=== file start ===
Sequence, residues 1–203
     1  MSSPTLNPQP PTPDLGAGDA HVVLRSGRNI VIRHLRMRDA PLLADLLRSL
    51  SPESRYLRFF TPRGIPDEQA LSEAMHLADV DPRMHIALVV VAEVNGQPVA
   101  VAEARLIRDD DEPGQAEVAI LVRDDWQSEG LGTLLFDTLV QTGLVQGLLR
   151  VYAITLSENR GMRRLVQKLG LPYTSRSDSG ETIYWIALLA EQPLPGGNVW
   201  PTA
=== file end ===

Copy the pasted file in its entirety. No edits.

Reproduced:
Sequence, residues 1–203
     1  MSSPTLNPQP PTPDLGAGDA HVVLRSGRNI VIRHLRMRDA PLLADLLRSL
    51  SPESRYLRFF TPRGIPDEQA LSEAMHLADV DPRMHIALVV VAEVNGQPVA
   101  VAEARLIRDD DEPGQAEVAI LVRDDWQSEG LGTLLFDTLV QTGLVQGLLR
   151  VYAITLSENR GMRRLVQKLG LPYTSRSDSG ETIYWIALLA EQPLPGGNVW
   201  PTA